‘Hm! That’s another story,’ remarked Bazarov in an undertone. ‘But you needn’t be in a taking, it’s a matter of absolute indifference to me. A sentimentalist would say, “I feel that our paths are beginning to part,” but I will simply say that we’re tired of each other.’ 105
  ‘Yevgeny …’ 106
  ‘My dear soul, there’s no great harm in that. One gets tired of much more than that in this life. And now I suppose we’d better say good-bye, hadn’t we? Ever since I’ve been here I’ve had such a loathsome feeling, just as if I’d been reading Gogol’s effusions to the governor of Kalouga’s wife. By the way, I didn’t tell them to take the horses out.’ 107
  ‘Upon my word, this is too much!’ 108
  ‘Why?’ 109
  ‘I’ll say nothing of myself; but that would be discourteous to the last degree to Anna Sergyevna, who will certainly wish to see you.’ 110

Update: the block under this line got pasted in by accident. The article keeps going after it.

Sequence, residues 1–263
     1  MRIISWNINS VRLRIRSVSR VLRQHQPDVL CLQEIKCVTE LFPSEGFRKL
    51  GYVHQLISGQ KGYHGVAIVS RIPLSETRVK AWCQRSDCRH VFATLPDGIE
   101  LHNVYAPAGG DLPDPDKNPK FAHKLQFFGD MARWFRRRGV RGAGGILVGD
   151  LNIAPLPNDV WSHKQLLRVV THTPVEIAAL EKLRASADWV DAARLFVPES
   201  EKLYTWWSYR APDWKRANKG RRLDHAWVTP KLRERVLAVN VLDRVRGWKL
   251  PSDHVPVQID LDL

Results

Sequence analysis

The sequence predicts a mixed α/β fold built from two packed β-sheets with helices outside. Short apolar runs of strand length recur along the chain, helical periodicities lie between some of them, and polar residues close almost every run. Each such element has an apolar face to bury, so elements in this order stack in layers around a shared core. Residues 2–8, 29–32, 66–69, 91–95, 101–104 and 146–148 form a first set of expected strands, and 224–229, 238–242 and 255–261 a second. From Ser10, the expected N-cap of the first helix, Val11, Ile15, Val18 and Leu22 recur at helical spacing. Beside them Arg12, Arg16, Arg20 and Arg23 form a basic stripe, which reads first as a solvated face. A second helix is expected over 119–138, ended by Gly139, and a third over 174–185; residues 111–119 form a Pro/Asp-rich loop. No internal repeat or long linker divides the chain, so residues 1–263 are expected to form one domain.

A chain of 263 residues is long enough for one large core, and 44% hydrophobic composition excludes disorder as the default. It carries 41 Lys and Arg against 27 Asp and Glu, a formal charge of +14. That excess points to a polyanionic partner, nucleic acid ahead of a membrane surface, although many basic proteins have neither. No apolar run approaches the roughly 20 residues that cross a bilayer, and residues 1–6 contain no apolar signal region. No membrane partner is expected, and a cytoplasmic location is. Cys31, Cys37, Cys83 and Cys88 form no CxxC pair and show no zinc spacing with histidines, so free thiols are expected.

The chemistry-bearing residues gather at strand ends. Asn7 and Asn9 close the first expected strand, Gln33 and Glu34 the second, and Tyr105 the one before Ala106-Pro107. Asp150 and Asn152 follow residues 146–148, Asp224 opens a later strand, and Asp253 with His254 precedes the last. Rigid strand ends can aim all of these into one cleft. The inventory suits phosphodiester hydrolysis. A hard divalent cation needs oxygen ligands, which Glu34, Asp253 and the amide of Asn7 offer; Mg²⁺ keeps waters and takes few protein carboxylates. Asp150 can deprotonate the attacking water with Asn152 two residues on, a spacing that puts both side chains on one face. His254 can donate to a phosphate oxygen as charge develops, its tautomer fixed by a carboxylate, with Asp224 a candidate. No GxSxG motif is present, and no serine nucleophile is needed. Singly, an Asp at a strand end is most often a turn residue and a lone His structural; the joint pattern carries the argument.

‘Oh, you’re mistaken there.’ 111
  ‘On the contrary, I am certain I’m right,’ retorted Arkady. ‘And what are you pretending for? If it comes to that, haven’t you come here on her account yourself?’ 112
  ‘That may be so, but you’re mistaken any way.’ 113
  But Arkady was right. Anna Sergyevna desired to see Bazarov, and sent a summons to him by a steward. Bazarov changed his clothes before going to her; it turned out that he had packed his new suit so as to be able to get it out easily. 114
  Madame Odintsov received him not in the room where he had so unexpectedly declared his love to her, but in the drawing-room. She held her finger tips out to him cordially, but her face betrayed an involuntary sense of tension. 115
  ‘Anna Sergyevna,’ Bazarov hastened to say, ‘before everything else I must set your mind at rest. Before you is a poor mortal, who has come to his senses long ago, and hopes other people too have forgotten his follies. I am going away for a long while; and though, as you will allow, I’m by no means a very soft creature, it would be anything but cheerful for me to carry away with me the idea that you remember me with repugnance.’ 116